Kaka (Nestor meridionalis)

Spanish: Kaka
KingdomAnimalia
PhylumChordata
ClassAves
OrderPsittaciformes
FamilyPsittacidae
GenusNestor (1)
SizeSize: 45 cm (2)

Classified as Endangered (EN) on the IUCN Red List 2006 (1), and listed on Appendix II of CITES (3).

The kaka is a forest parrot, with a fairly dull colouration and a long, curved beak (2). It has a distinctive pale crown and crimson underwings, rump and collar (2). The North Island subspecies is mainly olive-brown in colour, with darker feather edges and a grey, pale crown. The South Island subspecies is brighter in colour, and the crown in almost white. The bills are longer in this subspecies, and more arched in males (4). This parrot species can also be recognised by its loud whistling to grating calls (4).

This species is endemic to New Zealand (2). The North Island subspecies survives in large forest tracts from Coromandel to Wairarapa, where it is moderately common. The South Island subspecies is generally found west of the Southern Alps, Fiordland, southwestern Southland, on Stewert Island and several other offshore islands (4).

Inhabits low to mid altitude forest (4).

This parrot has a diverse diet, feeding on fruit, seeds, nectar, sap, invertebrates and also honeydew in some areas. It nests in natural cavities in old or dying trees, and appears to depend on infrequently available food crops in order to breed (4). Females usually lay four eggs, and juveniles only reach independence after seven months (2).

This species is undergoing a continuous decline, and in the last 45 years (three generations) has suffered a 10% population loss. Reasons for this marked decline include extensive habitat losses, due to forest clearing, pressures from hunting, predators and introduced competitors (4).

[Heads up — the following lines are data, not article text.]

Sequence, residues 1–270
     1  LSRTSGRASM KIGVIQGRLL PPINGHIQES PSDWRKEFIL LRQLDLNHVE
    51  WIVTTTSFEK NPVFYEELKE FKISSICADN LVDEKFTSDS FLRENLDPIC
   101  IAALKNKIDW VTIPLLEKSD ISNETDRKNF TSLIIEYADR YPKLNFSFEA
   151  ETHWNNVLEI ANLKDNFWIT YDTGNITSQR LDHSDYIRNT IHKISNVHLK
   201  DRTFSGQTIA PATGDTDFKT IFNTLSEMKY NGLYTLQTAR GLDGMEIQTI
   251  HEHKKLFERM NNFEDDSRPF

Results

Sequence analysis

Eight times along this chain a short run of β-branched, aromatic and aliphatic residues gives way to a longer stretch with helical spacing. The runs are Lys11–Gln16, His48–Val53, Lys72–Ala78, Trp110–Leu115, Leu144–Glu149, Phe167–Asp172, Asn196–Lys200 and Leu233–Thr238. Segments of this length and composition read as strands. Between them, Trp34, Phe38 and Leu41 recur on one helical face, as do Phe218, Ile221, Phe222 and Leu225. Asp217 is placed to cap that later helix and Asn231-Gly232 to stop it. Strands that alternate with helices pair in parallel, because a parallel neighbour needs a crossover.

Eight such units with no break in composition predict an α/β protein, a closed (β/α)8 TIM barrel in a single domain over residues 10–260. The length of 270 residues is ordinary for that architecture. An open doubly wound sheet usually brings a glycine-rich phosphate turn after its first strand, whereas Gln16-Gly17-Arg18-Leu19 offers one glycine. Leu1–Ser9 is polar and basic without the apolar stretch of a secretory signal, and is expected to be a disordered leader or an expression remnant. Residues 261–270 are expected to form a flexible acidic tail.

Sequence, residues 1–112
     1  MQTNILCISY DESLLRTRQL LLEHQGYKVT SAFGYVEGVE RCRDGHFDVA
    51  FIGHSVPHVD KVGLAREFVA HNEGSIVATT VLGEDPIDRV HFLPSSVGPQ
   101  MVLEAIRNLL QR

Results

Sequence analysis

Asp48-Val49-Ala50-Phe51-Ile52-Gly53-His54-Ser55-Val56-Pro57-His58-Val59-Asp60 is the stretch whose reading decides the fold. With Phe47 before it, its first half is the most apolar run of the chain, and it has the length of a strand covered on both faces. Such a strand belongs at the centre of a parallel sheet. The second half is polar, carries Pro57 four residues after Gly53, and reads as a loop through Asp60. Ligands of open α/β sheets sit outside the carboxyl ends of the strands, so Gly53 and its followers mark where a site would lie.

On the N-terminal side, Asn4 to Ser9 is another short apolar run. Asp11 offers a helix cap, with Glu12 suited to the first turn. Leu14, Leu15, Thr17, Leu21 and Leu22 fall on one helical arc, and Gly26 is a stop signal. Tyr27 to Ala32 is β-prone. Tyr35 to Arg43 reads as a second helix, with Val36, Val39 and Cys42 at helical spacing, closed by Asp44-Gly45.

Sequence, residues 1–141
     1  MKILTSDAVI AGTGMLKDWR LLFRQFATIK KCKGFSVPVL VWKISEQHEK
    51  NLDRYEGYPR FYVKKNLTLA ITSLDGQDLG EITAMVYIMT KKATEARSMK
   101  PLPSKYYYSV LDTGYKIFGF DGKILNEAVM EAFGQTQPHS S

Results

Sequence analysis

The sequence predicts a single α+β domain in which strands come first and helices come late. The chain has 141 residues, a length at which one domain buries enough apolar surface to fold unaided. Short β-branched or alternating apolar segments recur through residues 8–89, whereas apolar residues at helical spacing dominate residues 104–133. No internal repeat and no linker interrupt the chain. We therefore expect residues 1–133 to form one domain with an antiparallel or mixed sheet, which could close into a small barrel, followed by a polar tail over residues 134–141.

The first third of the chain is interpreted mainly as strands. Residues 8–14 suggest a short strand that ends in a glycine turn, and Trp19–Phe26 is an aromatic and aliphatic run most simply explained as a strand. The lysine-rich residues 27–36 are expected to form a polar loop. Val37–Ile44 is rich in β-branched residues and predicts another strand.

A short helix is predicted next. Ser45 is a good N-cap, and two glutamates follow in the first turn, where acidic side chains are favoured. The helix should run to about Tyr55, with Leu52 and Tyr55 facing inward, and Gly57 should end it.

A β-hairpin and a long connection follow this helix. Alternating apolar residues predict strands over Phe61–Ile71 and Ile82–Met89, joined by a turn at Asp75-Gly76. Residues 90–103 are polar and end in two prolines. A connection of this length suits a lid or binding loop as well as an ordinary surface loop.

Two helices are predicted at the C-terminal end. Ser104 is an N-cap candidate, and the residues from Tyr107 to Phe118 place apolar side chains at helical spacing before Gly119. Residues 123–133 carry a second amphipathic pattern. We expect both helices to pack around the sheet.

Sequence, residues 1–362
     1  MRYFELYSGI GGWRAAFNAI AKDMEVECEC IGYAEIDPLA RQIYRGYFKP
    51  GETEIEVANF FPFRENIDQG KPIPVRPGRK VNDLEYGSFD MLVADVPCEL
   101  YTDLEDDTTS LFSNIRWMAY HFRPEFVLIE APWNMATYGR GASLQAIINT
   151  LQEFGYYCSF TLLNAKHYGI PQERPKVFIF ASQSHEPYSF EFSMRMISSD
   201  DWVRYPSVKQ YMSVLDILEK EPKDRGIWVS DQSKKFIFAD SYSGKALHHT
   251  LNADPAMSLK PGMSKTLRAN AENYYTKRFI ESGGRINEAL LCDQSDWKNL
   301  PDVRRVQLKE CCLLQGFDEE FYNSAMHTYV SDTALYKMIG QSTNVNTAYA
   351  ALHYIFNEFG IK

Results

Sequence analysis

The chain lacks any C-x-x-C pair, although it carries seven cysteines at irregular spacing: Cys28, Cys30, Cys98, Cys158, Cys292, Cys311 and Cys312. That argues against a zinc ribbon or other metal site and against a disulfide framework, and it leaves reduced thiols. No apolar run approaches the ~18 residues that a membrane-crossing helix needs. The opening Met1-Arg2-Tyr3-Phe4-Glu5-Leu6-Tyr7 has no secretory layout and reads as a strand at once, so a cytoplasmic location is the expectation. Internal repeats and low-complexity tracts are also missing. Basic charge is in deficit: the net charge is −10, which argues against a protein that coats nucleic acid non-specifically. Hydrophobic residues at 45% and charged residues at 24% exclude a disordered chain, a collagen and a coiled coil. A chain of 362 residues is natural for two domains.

The predators include stoats, (Mustela erminea), which kill adults, and brush-tailed possums (Trichosurus vulpecula), which rob nests and eat kaka eggs. Stoats actually kill more females than males, as they are easier prey while incubating eggs. This may account for the highly skewed sex ratio on the mainland. Food competition on this island is also thought to be a problem for the kaka despite it having a mixed diet. The brush-tailed possum (Trichosurus vulpecula), black rat (Rattus rattus) and introduced wasps (Vespula spp) all compete with the kaka for various food, from invertebrates to honeydew (4).

To tackle the threats facing the kaka, predator and pest control surveys are being carried out in several large areas and near nesting sites (2). Populations are also being monitored, with juveniles being radio tracked to identify their movements, habitat and food requirements, and survival rates (4). In 1996 - 1997 a small population of 14 juveniles were successfully introduced into a new area, Mt Bruce Reserve, North Island (4). It is hoped that these measures will, one day, reverse the current population trend, and allow the kaka to recover (4).

Find out more about the kaka:

This information is awaiting authentication by a species expert, and will be updated as soon as possible. If you are able to help please contact:
arkive@wildscreen.org.uk

  1. IUCN Redlist 2006 (May, 2006)
    http://www.redlist.org
  2. Birdlife International. (2000) Threatened Birds of the World. Lynx Edicions and Birdlife International, Barcelona and Cambridge.
  3. CITES (February, 2004)
    http://www.cites.org
  4. BirdLife International (February, 2004)
    http://www.birdlife.org